Though the pandemic reshaped much of fashion in 2020, StockX emerged from the year stronger and larger than it had entered, according to figures from the company. But despite being based in the U.S. and catering to a customer steeped in American culture, the popular secondhand marketplace saw the majority of its growth come from outside the country, particularly in Europe and Japan. The company’s marketing team said a combination of macro factors out of the brand’s control, as well as a structured marketing strategy using local teams in other countries, propelled that growth.

According to StockX CMO Deena Bahri, international growth was a goal of 2020, but the non-U.S. market is going to be even more important this year. In 2020, the company’s overall sales grew by nearly 100%, but growth outside the U.S. was more than double that rate. International sales, defined as sales from sellers based outside the U.S., now account for more than 30% of all StockX GMV.

Bahri said her marketing strategy was almost all digital even before the pandemic, but has become completely digital. Marketing includes a core U.S. team with deep knowledge of general marketing techniques and of technology in the U.S., which has been supplemented by smaller teams in the target regions. 

“Our approach is to leverage the mothership team in the U.S. who has the breadth of experience and just the horsepower of a bigger team, then to balance that with the nuance and cultural context of a local team,” Bahri said. “The understanding that the local team has of the specifics of the region [is key] — [knowledge of] things like who the key influencers are is hard to get from a distance.”

Marketing in other countries typically starts with SEO and paid search, since an online search is where the majority of new customers discover the brand. Then the marketing team focuses on cultural marketing — as with its campaign with Hong Kong rapper Jackson Wang in the fall. Finally, retargeting via paid digital ads rounds out the strategy, with the aim of turning one-time customers into recurring customers.

The company has a physical presence in four other countries — England, China, Canada and the Netherlands. Bahri said the combination of international growth and the increased amount of consumption from women and people shopping for electronics all contributed to the audience growth last year. Currently, 60% of all sellers on StockX made their first sale in 2020 and total gross merchandise value for the year was $1.8 billion. A $275 million funding round in December brought the company’s valuation up to $2.8 billion.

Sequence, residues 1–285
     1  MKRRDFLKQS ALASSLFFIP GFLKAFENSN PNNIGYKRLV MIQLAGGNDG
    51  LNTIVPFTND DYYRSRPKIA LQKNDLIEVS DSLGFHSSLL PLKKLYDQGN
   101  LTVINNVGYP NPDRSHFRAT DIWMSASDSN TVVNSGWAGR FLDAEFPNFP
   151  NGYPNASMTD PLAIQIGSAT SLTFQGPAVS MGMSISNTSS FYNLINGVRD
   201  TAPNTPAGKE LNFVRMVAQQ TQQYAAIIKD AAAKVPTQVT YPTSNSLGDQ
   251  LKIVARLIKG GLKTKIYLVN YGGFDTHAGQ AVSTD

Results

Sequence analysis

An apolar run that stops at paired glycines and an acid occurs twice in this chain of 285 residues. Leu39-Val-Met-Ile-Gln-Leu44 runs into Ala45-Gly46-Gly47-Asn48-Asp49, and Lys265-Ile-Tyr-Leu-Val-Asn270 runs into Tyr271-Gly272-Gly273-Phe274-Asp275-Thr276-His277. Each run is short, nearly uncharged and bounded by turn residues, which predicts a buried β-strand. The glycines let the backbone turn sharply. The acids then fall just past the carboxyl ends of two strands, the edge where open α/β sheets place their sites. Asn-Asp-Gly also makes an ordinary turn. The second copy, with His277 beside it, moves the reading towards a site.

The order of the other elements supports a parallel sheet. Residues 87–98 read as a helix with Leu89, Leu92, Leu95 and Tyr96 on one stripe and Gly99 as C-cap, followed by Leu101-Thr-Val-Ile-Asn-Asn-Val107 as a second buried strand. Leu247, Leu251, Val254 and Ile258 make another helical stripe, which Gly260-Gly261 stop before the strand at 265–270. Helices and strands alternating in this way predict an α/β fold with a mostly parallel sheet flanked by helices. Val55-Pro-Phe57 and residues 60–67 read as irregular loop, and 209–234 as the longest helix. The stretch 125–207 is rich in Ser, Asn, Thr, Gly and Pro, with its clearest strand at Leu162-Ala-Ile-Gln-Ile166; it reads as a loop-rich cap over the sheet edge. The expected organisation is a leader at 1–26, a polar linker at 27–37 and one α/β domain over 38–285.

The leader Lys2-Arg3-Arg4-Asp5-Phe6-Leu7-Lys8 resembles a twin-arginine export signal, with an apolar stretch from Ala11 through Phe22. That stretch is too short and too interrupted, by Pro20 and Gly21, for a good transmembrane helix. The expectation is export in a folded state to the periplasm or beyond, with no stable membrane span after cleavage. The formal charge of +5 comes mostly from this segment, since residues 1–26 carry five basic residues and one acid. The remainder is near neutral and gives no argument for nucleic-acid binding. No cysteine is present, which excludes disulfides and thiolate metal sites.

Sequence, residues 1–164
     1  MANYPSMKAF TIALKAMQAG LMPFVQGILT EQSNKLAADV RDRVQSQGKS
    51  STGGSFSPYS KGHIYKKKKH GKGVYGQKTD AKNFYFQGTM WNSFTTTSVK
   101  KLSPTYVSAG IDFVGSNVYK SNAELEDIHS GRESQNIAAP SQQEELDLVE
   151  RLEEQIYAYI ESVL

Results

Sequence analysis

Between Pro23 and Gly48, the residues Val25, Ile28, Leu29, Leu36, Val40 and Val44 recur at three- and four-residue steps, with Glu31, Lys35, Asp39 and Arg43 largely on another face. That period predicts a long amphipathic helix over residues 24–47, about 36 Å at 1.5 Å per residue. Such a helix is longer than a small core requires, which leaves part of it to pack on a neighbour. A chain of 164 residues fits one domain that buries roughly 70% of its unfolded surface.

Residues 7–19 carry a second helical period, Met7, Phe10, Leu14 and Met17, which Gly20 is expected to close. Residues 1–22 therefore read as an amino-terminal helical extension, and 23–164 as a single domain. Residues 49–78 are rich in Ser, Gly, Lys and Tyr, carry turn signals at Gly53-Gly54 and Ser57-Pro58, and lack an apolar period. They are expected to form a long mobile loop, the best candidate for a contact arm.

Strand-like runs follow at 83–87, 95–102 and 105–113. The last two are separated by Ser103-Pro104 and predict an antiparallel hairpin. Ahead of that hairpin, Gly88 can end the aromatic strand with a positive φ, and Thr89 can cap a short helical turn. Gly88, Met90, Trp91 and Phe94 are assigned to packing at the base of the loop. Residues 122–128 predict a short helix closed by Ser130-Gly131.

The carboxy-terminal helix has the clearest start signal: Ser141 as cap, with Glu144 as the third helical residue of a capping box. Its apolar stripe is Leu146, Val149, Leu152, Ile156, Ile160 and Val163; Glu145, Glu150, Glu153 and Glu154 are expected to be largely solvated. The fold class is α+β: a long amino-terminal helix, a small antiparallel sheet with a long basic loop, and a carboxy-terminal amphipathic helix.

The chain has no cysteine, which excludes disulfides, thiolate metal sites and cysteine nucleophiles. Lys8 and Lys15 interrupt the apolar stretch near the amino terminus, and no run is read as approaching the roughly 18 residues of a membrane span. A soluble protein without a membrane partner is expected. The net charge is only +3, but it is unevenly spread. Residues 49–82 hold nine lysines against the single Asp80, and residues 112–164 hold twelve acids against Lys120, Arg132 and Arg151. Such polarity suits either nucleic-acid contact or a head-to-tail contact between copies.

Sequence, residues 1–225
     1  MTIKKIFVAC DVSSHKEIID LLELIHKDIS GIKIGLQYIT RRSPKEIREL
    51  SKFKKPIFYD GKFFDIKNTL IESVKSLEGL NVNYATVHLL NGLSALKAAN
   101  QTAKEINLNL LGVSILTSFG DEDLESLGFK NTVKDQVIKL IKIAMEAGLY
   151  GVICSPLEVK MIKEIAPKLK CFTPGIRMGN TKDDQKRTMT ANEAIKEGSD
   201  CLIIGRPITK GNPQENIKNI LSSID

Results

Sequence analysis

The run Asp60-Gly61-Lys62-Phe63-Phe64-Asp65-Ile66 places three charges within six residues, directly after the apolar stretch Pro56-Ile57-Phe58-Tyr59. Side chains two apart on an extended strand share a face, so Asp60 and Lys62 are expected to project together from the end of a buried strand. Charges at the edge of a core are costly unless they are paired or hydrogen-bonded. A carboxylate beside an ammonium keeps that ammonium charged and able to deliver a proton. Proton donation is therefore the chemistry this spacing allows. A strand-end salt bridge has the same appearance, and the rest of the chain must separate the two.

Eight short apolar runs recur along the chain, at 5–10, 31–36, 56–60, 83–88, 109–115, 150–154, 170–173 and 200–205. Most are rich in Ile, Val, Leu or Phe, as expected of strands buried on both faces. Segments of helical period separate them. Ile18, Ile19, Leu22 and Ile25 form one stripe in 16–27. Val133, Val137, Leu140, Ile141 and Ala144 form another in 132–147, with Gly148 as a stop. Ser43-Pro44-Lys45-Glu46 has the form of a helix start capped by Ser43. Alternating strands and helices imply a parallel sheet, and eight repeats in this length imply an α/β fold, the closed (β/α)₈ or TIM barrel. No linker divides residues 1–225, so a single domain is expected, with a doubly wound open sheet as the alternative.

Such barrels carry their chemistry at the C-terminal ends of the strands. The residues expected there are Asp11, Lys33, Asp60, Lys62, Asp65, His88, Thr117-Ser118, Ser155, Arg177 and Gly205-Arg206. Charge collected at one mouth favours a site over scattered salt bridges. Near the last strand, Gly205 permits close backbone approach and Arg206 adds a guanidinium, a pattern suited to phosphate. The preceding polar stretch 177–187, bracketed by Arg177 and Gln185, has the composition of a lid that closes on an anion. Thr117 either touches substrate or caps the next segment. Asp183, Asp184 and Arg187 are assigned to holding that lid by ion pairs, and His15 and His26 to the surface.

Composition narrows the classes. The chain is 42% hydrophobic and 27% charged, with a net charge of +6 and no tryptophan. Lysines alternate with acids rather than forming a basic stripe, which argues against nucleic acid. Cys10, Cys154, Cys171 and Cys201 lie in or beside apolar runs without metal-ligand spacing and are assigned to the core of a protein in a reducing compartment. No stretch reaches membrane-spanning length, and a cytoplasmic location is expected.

The creation of new categories over the last year, like collectibles and electronics (for many, StockX was one of the only reliable, albeit expensive, places to secure a Playstation 5) has impacted the company’s marketing strategies. Bahri said, rather than separate the categories in marketing, she’s seen evidence that people shop regularly across categories, and the marketing reflects that.

“We have definitely started to think of the customer in a holistic way, not just on a category-by-category basis,” Bahri said. “Sneakers, electronics, gaming — those are all part of the same bullseye. The customer is engaged by all of them, so while we still do product-centric creative just focusing on sneakers or just gaming, we’ve been shooting a lot more cultural content that includes all of these categories.”

But even as the content of StockX’s marketing shifted to encompass other categories, the actual marketing mix didn’t change much, Bahri said; it’s almost entirely digital ads, focusing mainly on  paid search and Instagram ads. Bahri did say the brand has done some early experimentation with streaming TV ads in the U.S. and was pleased with the ability to track impressions and retarget a TV audience through other platforms. TV is only a tiny part of the overall mix, but Bahri said she will continue experimenting with it in the future.

In 2021, Bahri said the company is going to increase its focus on international growth. Sixteen months into the job, she said she’s thus far spent much of her tenure at StockX trying to build an efficient marketing structure for customer acquisition. With growth in new markets and among new customer demographics, she said she feels like she’s found a strategy that works.